Stenness is a small village in the Orkney Islands, Scotland, on the A965 main road between Kirkwall and Stromness. It's best known for its UNESCO World Heritage Listed neolithic sights: the Stones, Maeshowe and Ring of Brodgar, with Skara Brae a few miles further north.
Stagecoach bus X1 runs hourly along the A965 between Kirkwall and Stromness via Stenness.
You can walk between the Maeshowe Visitor Centre, Stones of Stenness and Ring of Brodgar, although there's no footpath in places.
Reaching Skara Brae needs wheels, cycling is ideal. The bus is tedious: Bus 8S runs from Kirkwall at 09:15 via Stenness to Skara Brae (1 hr) then into Stromness; from there at 10:30 back to Skara Brae, at 10:50 on to Birsay, and return to Kirkwall by noon. It also runs from Kirkwall at 13:15 and 16:45 via Stenness and Stromness to Skara Brae (50 min), Birsay and back via Stenness to Kirkwall. A tour bus T11 along this way is advertised, but doesn't appear to be running in 2018.
- 1 Maeshowe, Ireland Rd KW16 3LB (Jcn of A965 & A694, 5 miles east of Stromness), ☏ . Daily 10:00-16:00; some evening tours mid-summer; booking essential. This chambered tomb is over 5000 years old and is considered the finest in North-Western Europe. Facing the winter solstice sunrise, the entrance passageway leads to a near perfect interior marked with runes by 12th century Vikings.
You can only enter by booked tour (best online) from the new Visitor Centre, a mile west of the tomb. Plenty of free parking, then a shuttle bus takes you to the site. (So the map marker and directions are for here, not for the tomb itself.) Maeshowe often books solid in summer, and certainly if a cruise ship is in port. Bus X1 passes hourly. Don't go to the old visitor centre near the turn-off for the Stones of Stenness, or the road outside the tomb, there's no access from there. Adult £6.
- 2 Tomb of Unstan (or Knowe, or Cairn, of Onstan). is a chambered burial cairn, built around 3000 BC. It's unusual for its architecture - midway between Caithness, Cromarty and Orcadian neolithic styles - and for its distinctive pottery, giving its name to "Unstan ware". Skeletons and arrowheads found here indicated that it remained in use into the Bronze Age. The cairn is well preserved: a concrete cap has been added to protect it. It's open all hours, and lies just north of the main road past Maeshowe Visitor Centre, park there and follow the path. Yet it's not on the standard tourist circuit so you'll probably have it to yourself.
- 3 Standing Stones of Stenness (About 400m off the A965.). Always open. Four tall stones remain from a 12 strong stone circle, dating from about 2500 BC. A "hearth" in the centre was ceremonial rather than in a dwelling. Nearby outside the circle is the "Watch Stone". The site is dramatically set on a narrow neck of land between two lochs. The encircling ditch has been lost, along with the "Odin Stone", a pierced stone through which couples would clasp hands and pledge. In 1814 a local landowner got fed up with this so he smashed it: he was restrained from setting about the rest of the stones.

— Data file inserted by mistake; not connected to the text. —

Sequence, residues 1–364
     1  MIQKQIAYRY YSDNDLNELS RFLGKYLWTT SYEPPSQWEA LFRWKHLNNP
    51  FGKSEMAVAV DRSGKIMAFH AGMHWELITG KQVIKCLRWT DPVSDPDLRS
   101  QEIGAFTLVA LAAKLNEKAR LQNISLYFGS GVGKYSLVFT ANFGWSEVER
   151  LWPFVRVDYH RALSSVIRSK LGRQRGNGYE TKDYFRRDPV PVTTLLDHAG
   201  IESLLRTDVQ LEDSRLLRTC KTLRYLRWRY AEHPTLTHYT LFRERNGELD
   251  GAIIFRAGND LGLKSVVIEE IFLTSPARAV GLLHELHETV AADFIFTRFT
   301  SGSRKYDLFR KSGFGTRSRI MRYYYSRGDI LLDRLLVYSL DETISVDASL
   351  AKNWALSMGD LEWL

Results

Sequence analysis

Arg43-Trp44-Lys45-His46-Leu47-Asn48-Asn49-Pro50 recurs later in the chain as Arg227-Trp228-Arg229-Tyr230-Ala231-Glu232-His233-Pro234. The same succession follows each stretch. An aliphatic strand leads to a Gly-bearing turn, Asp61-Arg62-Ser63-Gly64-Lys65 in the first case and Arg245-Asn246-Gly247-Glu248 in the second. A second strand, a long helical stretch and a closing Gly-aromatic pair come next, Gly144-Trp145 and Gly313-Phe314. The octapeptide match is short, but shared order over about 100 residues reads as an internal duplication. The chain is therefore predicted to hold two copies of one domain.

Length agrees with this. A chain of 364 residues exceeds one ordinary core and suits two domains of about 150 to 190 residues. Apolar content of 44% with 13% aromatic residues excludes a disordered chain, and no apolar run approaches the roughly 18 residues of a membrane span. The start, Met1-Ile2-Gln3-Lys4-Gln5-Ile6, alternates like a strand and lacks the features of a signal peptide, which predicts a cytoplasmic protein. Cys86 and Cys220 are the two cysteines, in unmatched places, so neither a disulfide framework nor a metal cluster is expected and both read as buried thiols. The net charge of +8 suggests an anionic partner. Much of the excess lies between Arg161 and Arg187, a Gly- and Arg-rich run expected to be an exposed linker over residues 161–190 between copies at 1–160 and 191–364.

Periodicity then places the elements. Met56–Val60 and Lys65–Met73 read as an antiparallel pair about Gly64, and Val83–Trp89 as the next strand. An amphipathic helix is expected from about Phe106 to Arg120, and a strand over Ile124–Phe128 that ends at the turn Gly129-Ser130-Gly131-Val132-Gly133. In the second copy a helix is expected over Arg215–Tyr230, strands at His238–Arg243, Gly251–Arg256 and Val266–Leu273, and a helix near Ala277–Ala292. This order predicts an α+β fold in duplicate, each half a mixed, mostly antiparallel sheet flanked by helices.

A short footpath leads from the Ring to the Barnhouse, remains of a neolithic village at the loch-side. Free parking.
- 4 Ring of Brodgar, KW16 3JZ (One mile north of A965 on the B9055). always open. Stunningly set between two lochs, 27 out of 60 standing stones remain in a 100-m diameter circle surround by a ditch and smaller groups of stones and mounds. The Ring was probably built between 2500 & 2000 BC. The surrounding landscape is dotted with ruins and artefacts of similar date. Free.
- 5 Skara Brae, Sandwick KW16 3LR (off B9056 between Stromness & Birsay). Daily 09:30-17:30. This prehistoric village dates from about 2500 BCE, so it pre-dates Stonehenge and the Pyramids; but it was only re-discovered in 1850 when a storm eroded the sand dunes. A series of connecting passages and round dwellings were uncovered, complete with stone dressers and implements. There is a visitors centre and cafe. Adult £7.50.
- 6 Skaill House, Sandwick KW16 3LR. Apr-Sept 09:30-17:30, Oct 10:00-16:00, closed winter. This is a 17th C mansion house, built by Bishop George Graham and added to by later Lairds. The present building is two storeys set around a central courtyard. It's very close to Skara Brae and is visited on a combined ticket. Buy tickets at Skara Brae.
- 7 Ophir Church and Earl's Bu, Gyre Rd Ophir KW17 2RD (off A964 east of Houton on the road to Kirkwall). Earl's Bu and Church at Ophir date to circa 1200. The ruined church is unusual: it's circular, inspired by the Church of the Holy Sepulchre in Jerusalem. The remains next to it are probably the Earl's residence or "Bu". (That's Bu as in boozing: Viking saga calls it a Drinking Hall.) With small museum.
Eat & Drink
- Gerri's ice cream parlour on the main road through the village is open M-F 10:30-19:00, Sa till 17:00, Su till 18:00.
- Orkney Brewery is at Quoyloo, 2 miles north of Skaill off the road towards Birsay. It's open 10:30-17:00, Su 12:00-17:00, with tours, and tasting flights in the cafe.
- 1 Standing Stones Hotel, Stenness KW16 3JX, ☏ . 10 double, 3 family and 4 single rooms; restaurant and bar. £45 - £165, dinner £20.
- 2 Mill of Eyreland, KW16 3HA (On A964 to Houton), ☏ . 5 rooms in a converted mill built in 1861.
- Merkister Hotel, Harray Loch KW17 2LF (Take Russland Rd off A986). Small 3-star at north end of Harray Loch, looking to Stenness Stones at south end.
- Rickla, Grimeston Rd, Harray KW17 2JT (off A986). Self-catering cottage, sleeps four. £760 per week June-Aug.
- Westrow Lodge, Ophir KW17 2RD (off A964). B&B in modern timber-frame house near Houton.
Either west to Stromness or east to Kirkwall.